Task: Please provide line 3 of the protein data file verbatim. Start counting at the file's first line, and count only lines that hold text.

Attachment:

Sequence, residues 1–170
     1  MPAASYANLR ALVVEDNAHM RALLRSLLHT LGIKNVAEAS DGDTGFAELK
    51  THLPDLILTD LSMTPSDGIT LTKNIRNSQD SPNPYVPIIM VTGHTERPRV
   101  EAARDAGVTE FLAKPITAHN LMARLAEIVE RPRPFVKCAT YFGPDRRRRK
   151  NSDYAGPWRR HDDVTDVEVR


    51  THLPDLILTD LSMTPSDGIT LTKNIRNSQD SPNPYVPIIM VTGHTERPRV